Philippians 4:8 used to get you to shut up?
Have a peek into the backroom of ACFJ. Here’s a discussion we had the other day:
Me: Anyone else encountered this?
One of the responses I’ve gotten when I express concern about potential abuse situations is:
“As I was considering your concerns, Ellie, I thought of Philippians 4:8 — Finally, brothers, whatever is true, whatever is honorable, whatever is just, whatever is pure, whatever is lovely, whatever is commendable, if there is any excellence, if there is anything worthy of praise, think about these things. “
to which I’d like to respond:
Acts 17:11-12 Now these Jews were more noble than those in Thessalonica; they received the word with all eagerness, examining the Scriptures daily to see if these things were so. Many of them therefore believed, with not a few Greek women of high standing as well as men.
It seems that Philippians 4:8 is being misapplied to abuse victims and used to tell us to suck it up and pollyanna our way through life. Thoughts? Has this happened to anyone else?
Jeff: 1 Corinthians 13 could also be misused in this manner — verse 7 says “Love bears all things, believes all things, hopes all things, endures all things.” But the verse right before this says, “it does not rejoice at wrongdoing, but rejoices with the truth.”
And gee, it seems like Paul had lots of moments when he didn’t take his own “advice” about thinking of true, honorable, just, pure, lovely, commendable things ?????? Or just maybeee Philippians 4:8 doesn’t mean what the present day abuse-enabling knuckleheads claim it does.
Here are some of the dishonorable, unlovely, unjust, un-commendable things that Paul thought about and wrote about in his letter to the Philippians:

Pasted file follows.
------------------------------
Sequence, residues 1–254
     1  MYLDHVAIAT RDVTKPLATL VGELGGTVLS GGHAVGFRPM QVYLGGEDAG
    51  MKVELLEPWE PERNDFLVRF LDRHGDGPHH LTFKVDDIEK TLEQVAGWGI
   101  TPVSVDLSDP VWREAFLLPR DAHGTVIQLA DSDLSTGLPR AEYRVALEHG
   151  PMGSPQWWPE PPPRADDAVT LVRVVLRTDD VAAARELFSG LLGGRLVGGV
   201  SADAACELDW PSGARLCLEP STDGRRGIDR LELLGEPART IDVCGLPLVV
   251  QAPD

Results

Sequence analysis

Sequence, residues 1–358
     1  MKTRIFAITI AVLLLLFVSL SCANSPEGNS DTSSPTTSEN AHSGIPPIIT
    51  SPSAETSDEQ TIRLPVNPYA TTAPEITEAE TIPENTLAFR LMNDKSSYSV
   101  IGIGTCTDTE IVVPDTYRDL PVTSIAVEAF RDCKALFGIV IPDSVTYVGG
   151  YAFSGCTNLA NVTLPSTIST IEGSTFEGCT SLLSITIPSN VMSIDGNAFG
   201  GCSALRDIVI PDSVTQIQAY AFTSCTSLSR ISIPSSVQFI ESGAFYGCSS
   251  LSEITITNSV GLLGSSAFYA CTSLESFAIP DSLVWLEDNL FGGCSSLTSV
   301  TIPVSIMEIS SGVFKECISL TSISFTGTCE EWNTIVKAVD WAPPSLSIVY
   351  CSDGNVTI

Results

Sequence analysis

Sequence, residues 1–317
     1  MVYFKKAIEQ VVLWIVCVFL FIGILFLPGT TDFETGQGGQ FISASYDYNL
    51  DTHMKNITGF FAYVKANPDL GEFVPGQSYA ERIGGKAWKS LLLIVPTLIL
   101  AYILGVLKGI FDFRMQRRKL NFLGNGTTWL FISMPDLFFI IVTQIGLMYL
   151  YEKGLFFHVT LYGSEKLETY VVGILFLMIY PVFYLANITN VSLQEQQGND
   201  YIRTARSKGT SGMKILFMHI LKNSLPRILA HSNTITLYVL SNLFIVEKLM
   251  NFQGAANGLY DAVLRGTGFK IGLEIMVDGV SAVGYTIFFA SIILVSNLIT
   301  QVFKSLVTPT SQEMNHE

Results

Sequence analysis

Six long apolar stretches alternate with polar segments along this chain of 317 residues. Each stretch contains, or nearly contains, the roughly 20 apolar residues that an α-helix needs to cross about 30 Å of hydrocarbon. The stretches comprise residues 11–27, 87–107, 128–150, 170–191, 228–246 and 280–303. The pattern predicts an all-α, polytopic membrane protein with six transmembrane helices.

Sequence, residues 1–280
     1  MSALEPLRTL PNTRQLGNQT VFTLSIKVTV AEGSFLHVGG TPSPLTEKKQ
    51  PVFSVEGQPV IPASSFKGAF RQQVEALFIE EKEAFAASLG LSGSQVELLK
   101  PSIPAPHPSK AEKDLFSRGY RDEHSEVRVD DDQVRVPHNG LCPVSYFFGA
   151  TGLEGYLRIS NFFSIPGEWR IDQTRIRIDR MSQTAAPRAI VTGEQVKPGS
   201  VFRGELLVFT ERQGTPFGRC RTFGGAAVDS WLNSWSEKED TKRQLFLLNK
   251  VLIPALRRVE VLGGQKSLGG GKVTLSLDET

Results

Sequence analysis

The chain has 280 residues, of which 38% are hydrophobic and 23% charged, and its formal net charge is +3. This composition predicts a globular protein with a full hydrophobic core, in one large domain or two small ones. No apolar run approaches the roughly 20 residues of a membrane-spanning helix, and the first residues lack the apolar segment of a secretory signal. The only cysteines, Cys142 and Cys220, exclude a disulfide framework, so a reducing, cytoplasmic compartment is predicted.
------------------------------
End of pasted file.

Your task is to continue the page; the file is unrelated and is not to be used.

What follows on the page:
. . . and not frightened in anything by your opponents. This is a clear sign to them of their destruction, but of your salvation, and that from God. (1:28)
For I have no one like him, who will be genuinely concerned for your welfare. For they all seek their own interests, not those of Jesus Christ. (2:20-21)
Look out for the dogs, look out for the evildoers, look out for those who mutilate the flesh. (3:2)
For many, of whom I have often told you and now tell you even with tears, walk as enemies of the cross of Christ. Their end is destruction, their god is their belly, and they glory in their shame, with minds set on earthly things. (3:18-19)
Wendell: That comment from your ‘friend’ Ellie, is proof texting at its finest! Paul was talking mental attitudes here. The whole context of the book is the attitude Christians should have in general!
I haven’t had Philippians 4:8 pulled on me, but 1st Corinthians 13 has been.
Me: Could you explain proof texting and elaborate on how this passage is meant to be applied?
Wendell: Ellie, to proof text is to pick and choose a verse or verses to support your point without considering the original intent of the verse or the context. In some cases, even fragments of verses are used. For example, Romans 10:10 has been used to justify Word Of Faith teaching, but by completely taking it out of context.
“For it is with your heart you believe….and it is with your mouth you confess…”
Here is the whole verse:
“For it is with your heart you believe and are justified, and it is with your mouth you confess and are saved.”